Jeanette I. Ch. Manoppo, Hesti Lestari, Rocky Wilar, Elizabeth Clarissa Wowor, Emanuela Tarang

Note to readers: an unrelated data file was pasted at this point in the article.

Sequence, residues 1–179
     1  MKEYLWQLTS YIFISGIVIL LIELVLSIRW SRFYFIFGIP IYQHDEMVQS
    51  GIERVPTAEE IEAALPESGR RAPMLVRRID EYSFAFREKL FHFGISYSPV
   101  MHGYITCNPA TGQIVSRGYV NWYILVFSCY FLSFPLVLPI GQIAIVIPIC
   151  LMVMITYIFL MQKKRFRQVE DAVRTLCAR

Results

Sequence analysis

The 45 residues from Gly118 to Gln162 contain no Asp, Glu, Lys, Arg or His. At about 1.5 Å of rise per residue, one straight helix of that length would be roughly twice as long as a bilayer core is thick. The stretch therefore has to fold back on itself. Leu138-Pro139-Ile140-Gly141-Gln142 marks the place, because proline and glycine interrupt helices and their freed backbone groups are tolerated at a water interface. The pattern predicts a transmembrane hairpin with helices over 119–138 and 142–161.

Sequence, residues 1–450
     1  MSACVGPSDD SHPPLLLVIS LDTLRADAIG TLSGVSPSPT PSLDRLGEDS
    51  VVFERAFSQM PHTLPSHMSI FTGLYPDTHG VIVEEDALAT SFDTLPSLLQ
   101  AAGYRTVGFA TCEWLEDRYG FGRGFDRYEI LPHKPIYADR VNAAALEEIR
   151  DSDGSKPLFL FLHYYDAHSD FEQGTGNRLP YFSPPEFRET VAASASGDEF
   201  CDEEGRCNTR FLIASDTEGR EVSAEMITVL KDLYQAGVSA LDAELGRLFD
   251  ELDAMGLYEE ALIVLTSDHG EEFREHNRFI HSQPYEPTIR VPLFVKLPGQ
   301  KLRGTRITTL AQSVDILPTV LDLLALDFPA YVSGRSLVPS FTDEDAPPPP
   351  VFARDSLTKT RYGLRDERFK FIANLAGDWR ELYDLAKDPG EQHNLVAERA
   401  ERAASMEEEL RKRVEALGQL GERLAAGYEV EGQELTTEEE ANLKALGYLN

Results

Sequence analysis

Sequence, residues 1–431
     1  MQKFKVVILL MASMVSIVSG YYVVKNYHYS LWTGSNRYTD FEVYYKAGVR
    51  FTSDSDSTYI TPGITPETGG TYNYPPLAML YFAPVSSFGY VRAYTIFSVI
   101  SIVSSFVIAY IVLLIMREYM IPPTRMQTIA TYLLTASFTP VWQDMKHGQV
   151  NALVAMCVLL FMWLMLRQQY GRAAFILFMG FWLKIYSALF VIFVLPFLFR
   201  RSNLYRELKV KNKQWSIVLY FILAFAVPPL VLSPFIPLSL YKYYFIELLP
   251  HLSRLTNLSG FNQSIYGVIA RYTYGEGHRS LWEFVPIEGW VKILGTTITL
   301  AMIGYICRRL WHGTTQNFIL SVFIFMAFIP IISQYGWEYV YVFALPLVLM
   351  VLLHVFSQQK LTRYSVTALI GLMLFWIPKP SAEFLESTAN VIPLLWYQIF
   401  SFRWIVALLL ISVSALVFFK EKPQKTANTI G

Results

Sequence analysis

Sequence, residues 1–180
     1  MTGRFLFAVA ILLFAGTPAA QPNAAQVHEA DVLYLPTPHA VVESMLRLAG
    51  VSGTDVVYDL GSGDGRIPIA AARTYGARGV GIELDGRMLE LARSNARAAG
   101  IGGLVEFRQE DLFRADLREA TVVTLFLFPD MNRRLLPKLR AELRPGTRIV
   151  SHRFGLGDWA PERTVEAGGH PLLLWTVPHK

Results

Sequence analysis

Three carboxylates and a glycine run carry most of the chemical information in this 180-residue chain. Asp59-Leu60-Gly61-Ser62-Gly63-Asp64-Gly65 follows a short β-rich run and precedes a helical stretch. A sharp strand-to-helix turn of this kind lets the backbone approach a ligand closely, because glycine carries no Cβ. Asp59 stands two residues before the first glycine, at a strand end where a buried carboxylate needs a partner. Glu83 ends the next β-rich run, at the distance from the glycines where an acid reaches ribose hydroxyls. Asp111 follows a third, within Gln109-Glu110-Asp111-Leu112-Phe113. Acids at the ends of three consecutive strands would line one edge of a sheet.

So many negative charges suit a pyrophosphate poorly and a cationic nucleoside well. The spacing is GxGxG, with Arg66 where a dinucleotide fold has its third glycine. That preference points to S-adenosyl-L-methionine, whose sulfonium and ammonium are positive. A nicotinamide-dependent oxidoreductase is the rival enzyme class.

OBJECTIVE : During the course of medical education, residents are subjected to the pressure and intensity of their curriculum. Social, emotional, physical and family issues that were faced by residents may affect their academic performance and learning abilities. The purpose of this study was to assess the residents` quality of life-based on WHO-QOL-BREF protocol. METHOD : This cross-sectional study was conducted in 2019. Samples were all pediatric residents in Sam Ratulangi University Manado. Copies of the questionnaires were sent to all residents and they were given free time to complete the questionnaire independently. ANOVA was used to compare quality of life (QoL) results among residents. RESULTS : A total of 66 pediatric residents from different academic years participated in this study. In the characteristics of the study sample, most prevalent age group was 30-34 years (39 residents (59.1%)). Forty one women participated (62.1%). The number of residents living in boarding house was 39 (59.1%) while the number of residents whose studies were financed by parents was 49 (74.2%). Forty nine residents (74.2%) have average quality of life at physical health domain, and good for the psychological, social relationship, and environment domains (53%, 57.6%, and 57.6%, respectively). Scores, according to different academic years and age, were significantly different in the psychological domain (p = 0.003, 0.01; respectively). Third and fourth year pediatric residents have lower QoL score in psychological domain than earlier year residents. There was no significant difference between the overall quality of life score with gender, marital status, number of children, type of residence, and source of funding (p> 0.05). CONCLUSION : The pediatric residents have an average-good QoL. Academic years and age were significantly associated in the psychological domains. Third and fourth year pediatric residents have lower QoL score in psychological domain.